A lot of leftists and centrists are just as anti-democratic in their thinking as reactionary conservatives. It's just that that attitude only comes out when there's a population of citizens that refuse to embrace a truth that is accepted by the political mainstream. It's in these moments that self-described liberals and centrists out themselves as technocrats and agitate against the fundamental features of democracy: dialogue, negotiation, and compromise.
But they're not alone. As I demonstrate in my book, plenty of otherwise intelligent people have been confusing democracy with The Truth for quite some time, and that explains a lot of the political gridlock and intransigence in modern democracies.
The question will be whether enough of us can rise to the challenge of democratic citizenship in the near term in order to avoid the "death spiral" of polarization that previously infected nations like Venezuela, pre-Pinochet Chile, and pre-Franco Spain. Using mandates as a stick to punish the unvaccinated, especially while also giving the appearance that it's motivated by partisanship, will make a polarization death spiral in this country a real possibility.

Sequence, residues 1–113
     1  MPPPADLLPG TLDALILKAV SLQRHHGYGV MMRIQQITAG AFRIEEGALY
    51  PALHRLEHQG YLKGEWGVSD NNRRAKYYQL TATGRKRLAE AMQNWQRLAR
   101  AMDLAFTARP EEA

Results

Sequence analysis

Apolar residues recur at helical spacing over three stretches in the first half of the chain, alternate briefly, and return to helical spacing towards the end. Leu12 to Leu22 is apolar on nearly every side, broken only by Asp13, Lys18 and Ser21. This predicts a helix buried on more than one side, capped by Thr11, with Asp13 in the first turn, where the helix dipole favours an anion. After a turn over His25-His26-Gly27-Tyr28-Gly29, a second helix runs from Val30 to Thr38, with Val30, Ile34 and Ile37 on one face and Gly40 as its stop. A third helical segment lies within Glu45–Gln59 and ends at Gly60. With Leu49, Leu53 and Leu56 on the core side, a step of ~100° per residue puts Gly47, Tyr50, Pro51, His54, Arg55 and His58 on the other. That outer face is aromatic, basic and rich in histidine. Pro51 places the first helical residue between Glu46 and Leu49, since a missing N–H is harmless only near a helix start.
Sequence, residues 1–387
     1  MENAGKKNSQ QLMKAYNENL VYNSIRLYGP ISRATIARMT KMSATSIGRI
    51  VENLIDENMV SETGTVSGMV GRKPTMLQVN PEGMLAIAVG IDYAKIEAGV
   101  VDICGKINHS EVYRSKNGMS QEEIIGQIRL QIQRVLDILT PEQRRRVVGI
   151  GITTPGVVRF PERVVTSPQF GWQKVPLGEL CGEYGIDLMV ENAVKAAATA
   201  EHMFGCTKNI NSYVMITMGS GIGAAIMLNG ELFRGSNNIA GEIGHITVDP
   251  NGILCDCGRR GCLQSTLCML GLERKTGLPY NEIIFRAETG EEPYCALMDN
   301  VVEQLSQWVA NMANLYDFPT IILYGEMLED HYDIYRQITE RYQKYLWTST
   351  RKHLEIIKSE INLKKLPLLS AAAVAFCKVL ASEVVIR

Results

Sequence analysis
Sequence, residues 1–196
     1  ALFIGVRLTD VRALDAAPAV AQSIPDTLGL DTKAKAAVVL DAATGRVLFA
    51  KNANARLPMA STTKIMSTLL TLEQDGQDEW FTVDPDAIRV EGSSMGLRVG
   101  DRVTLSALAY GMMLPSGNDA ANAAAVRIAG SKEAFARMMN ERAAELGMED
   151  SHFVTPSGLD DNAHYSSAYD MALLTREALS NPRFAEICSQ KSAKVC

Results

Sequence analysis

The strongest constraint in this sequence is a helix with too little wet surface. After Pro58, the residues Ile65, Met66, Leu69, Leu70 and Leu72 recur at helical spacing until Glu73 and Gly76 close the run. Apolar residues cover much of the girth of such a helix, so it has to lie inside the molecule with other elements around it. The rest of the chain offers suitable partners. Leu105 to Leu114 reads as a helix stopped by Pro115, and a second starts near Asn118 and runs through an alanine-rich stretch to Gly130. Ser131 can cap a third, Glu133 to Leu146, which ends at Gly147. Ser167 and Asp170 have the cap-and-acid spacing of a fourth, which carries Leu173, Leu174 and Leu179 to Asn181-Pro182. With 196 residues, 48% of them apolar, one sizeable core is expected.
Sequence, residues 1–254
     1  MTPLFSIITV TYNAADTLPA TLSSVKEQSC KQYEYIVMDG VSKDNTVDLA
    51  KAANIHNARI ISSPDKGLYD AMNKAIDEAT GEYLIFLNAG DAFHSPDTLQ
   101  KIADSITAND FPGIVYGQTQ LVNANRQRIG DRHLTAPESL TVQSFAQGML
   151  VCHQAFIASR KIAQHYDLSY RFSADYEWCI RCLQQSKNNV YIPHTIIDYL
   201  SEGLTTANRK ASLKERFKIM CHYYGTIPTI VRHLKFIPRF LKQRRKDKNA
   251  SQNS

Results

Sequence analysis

But that's not the only thing that I've noticed in the reaction to the piece. First, many vaccine mandate advocates are unsurprisingly similar to the vaccine hesitant citizens in how they perceive risk. It's just in the opposite direction. One commenter described being worried everyday about her 3 year old ending up in the ICU with COVID. That's certainly a possibility, but the risk to children is actually not much more than it has been for other long-prevalent viruses like the flu and RSV. It's common to chide the vaccine hesitant for their "irrational fear" of vaccine side-effects, but plenty of vaccine supporters have a similarly outsized worries about COVID. Both should be considered "legitimate" concerns that we ought to take seriously, even if the goal is to eventually lessen the magnitude of those worries.